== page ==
Sunscreen’s Chemicals Go Through Skin to Bloodstream
The active chemicals of commonly-used sunscreens end up in a wearer's blood. The U.S. Food and Drug Administration, or FDA, reported recently that the chemicals are present at much higher levels than current government health rules permit. For this reason, the researchers call for more safety studies.
From sunburn to skin cancer protection
Sunscreens were first sold to prevent sunburn and did not have to meet many government regulations. Now they are widely used to block radiation from the sun that can cause skin cancer, the most common kind of cancer in the United States.
To test some of the effects of sunscreen, researchers worked with 23 volunteers. They tested four forms of sunscreen by putting it on most of the volunteers' bodies four times a day over four days. Then, they did blood tests over seven days to find the levels of certain chemicals absorbed into the volunteers' blood.
The study looked for the chemicals from sunscreen in plasma, the watery part of blood that contains blood cells. It found four chemicals to be well above the level at which FDA guidelines call for further safety testing. They are avobenzone, oxybenzone, octocrylene and in one sunscreen, ecamsule.
The effects of plasma concentrations above the FDA's limit is not known. The research team wrote in the Journal of the American Medical Association (JAMA) that there must be more studies on how the chemicals affect humans.
Keep using sunscreen to protect skin from the sun
But these results do not suggest that people should stop using sunscreen to protect against the sun's harmful ultraviolet (UV) rays, researchers said.
Two researchers added their opinion in an article that followed the report. Robert Califf and Kanade Shinkai said the fact there were high levels of the chemicals in blood does not mean they are unsafe.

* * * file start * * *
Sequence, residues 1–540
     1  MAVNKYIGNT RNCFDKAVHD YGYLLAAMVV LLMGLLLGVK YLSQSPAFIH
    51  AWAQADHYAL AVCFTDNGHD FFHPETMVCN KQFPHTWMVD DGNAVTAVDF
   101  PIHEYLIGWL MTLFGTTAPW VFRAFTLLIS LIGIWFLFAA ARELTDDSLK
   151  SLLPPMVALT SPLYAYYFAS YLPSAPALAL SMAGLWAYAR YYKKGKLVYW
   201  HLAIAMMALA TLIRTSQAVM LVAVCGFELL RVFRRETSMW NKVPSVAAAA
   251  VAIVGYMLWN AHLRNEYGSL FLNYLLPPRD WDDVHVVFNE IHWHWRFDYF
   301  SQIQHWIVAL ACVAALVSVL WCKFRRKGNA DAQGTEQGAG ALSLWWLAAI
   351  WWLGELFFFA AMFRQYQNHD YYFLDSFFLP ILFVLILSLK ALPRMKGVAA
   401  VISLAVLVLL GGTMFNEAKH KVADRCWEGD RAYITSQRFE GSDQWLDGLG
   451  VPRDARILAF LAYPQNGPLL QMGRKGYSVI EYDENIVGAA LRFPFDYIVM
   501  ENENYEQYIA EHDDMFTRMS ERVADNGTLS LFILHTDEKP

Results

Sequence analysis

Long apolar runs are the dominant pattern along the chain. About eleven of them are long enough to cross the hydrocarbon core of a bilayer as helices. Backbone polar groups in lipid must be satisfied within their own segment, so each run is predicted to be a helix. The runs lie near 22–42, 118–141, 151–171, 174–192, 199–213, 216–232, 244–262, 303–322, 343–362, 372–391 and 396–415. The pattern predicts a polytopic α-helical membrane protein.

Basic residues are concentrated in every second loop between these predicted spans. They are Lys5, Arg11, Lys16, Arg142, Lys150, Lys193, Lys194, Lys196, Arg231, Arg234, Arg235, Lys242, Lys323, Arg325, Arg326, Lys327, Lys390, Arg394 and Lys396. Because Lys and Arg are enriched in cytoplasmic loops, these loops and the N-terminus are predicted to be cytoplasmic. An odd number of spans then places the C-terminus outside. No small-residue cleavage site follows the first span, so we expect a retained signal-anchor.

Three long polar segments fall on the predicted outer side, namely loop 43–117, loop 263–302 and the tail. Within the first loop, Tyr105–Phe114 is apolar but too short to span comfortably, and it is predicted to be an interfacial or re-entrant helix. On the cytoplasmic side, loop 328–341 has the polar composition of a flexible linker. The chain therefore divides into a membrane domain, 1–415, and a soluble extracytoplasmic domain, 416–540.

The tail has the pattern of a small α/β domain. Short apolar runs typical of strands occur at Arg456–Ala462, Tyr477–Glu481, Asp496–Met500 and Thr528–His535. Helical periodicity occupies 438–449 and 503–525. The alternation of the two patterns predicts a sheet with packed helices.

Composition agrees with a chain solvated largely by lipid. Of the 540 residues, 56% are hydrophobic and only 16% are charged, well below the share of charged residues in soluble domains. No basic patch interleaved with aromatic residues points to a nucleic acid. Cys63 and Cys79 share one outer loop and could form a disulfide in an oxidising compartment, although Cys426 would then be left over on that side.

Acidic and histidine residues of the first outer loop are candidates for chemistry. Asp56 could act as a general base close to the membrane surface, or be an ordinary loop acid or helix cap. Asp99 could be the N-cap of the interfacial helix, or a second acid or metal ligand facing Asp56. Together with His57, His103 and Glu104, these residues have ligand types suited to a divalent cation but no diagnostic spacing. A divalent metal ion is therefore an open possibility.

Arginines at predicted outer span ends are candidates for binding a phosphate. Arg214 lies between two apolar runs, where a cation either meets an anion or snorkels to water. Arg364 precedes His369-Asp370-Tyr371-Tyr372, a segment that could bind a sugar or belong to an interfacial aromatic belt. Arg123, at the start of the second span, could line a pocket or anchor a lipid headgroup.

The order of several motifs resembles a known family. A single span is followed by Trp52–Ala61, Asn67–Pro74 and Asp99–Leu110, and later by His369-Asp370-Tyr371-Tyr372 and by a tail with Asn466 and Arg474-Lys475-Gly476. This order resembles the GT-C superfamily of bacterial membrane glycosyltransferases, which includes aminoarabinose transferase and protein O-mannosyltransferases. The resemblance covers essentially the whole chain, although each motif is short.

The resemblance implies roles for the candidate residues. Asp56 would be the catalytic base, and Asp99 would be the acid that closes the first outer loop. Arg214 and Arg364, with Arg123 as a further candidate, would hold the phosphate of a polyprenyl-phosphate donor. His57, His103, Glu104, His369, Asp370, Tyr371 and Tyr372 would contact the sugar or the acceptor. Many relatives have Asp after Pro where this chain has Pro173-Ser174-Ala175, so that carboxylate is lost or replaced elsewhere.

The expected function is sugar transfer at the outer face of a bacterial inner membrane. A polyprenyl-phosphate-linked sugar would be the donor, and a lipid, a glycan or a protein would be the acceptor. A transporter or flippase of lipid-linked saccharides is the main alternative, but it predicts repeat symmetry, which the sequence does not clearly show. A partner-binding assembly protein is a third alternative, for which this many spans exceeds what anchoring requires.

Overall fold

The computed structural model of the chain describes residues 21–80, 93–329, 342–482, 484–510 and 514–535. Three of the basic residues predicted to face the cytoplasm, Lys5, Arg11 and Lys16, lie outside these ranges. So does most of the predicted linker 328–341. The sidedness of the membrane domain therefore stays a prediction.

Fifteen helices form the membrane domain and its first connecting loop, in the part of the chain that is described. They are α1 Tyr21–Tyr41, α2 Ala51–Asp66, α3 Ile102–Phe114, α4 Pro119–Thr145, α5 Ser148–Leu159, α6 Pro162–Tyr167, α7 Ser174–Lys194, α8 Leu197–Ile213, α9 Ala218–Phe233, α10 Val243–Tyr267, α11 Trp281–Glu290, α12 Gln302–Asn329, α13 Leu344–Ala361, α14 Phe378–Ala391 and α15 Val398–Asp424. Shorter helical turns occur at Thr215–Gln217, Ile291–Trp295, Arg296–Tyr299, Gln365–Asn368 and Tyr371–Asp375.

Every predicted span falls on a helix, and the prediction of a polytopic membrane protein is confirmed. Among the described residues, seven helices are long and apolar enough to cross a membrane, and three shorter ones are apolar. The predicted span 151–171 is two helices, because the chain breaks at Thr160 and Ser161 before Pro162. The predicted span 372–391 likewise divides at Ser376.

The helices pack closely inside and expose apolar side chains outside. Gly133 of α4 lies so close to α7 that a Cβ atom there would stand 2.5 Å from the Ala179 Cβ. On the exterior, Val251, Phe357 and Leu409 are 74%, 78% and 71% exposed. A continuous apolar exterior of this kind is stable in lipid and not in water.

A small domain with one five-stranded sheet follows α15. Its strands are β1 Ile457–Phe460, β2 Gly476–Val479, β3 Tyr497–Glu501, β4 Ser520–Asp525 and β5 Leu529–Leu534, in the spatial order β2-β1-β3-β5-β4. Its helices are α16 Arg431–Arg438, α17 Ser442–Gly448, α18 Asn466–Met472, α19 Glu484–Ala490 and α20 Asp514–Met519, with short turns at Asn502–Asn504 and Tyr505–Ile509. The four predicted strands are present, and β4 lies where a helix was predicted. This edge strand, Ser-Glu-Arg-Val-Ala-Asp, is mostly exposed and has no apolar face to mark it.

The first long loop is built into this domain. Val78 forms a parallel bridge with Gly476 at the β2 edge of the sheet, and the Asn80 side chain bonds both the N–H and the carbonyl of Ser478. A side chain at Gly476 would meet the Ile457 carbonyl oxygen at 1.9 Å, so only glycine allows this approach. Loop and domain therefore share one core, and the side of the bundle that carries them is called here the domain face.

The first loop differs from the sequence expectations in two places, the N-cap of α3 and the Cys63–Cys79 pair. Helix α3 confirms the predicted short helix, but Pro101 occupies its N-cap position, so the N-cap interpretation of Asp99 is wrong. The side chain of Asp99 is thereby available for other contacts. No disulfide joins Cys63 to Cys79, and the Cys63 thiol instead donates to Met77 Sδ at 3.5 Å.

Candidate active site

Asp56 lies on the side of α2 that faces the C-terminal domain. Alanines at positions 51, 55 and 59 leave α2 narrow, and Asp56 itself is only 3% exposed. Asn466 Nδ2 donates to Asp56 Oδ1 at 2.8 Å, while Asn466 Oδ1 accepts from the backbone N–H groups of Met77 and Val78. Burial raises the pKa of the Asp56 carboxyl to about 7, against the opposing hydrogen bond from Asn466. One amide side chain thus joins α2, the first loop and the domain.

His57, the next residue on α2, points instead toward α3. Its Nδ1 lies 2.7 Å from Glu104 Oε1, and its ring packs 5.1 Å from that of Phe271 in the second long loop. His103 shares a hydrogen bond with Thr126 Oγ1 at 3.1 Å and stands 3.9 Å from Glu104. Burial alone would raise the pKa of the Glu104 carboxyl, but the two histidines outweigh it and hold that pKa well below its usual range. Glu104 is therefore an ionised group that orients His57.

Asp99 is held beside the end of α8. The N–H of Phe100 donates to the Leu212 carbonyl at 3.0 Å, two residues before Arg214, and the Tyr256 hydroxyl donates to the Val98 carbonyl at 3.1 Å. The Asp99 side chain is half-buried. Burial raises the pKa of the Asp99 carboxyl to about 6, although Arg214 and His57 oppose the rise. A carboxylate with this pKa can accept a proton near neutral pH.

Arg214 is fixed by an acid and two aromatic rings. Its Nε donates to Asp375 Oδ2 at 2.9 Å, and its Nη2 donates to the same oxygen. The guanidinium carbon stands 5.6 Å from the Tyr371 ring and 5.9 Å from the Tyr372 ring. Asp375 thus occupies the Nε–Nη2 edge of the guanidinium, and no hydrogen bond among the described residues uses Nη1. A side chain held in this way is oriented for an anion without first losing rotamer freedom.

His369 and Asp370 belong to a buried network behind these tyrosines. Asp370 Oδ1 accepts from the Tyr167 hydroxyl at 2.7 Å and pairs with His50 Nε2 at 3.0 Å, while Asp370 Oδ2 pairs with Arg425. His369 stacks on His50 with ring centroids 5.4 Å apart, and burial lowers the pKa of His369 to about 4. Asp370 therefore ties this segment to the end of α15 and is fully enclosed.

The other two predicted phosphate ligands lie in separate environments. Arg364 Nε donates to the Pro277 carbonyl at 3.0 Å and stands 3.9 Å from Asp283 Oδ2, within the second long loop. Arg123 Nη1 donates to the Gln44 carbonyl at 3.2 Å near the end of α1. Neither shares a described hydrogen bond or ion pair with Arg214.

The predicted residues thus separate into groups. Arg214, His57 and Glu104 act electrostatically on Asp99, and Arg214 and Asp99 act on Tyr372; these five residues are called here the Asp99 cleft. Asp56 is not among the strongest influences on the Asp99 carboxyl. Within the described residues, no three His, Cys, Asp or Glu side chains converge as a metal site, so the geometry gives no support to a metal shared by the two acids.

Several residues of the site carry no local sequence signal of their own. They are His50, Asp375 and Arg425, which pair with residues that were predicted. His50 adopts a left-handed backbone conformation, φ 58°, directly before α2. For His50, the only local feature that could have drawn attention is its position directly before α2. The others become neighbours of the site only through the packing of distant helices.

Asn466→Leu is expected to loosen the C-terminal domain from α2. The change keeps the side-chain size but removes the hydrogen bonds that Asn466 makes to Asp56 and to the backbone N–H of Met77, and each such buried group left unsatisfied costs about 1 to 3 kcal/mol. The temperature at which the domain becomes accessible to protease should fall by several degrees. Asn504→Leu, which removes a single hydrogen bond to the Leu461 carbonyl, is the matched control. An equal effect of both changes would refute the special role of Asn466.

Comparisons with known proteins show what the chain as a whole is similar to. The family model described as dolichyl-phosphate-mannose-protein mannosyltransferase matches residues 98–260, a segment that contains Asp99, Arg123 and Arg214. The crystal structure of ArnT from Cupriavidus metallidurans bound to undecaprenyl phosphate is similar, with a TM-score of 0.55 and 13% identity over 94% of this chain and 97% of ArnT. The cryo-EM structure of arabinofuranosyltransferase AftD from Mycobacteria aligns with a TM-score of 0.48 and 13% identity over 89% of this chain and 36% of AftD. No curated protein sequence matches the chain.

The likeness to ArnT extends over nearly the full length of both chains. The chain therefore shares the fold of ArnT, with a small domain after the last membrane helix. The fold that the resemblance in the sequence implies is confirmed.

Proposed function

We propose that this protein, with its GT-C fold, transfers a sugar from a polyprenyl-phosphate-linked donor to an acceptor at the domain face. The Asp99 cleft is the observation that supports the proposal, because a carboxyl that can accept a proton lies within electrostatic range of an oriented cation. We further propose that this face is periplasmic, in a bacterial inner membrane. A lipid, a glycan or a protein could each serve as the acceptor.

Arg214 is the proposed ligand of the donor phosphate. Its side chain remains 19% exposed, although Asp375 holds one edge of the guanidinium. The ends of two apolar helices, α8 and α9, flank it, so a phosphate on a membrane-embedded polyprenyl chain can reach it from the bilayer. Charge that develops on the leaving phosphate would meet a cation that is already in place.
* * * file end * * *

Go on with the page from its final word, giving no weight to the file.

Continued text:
"The study findings raise many important questions about sunscreen and the process by which the sunscreen industry, clinicians, specialty organizations, and regulatory agencies evaluate (its) benefits and risks."
David Andrews is a senior scientist at the nonprofit health and environmental advocacy group Environmental Working Group. He called for thorough testing of sunscreen ingredients.
"For years the sunscreen chemical manufactures have resisted common sense safety testing for their ingredients and now FDA is proposing that these common ingredients must undergo additional testing to stay on the market," Andrews said.
However, the Personal Care Products Council trade association pointed out some problems with the study. They fear that people may not understand it well and could stop using sunscreen.
The volunteers in the study put on two times as much sunscreen as people usually apply in everyday use, said Alexandra Kowcz, the group's chief scientist.
I'm Jill Robbins.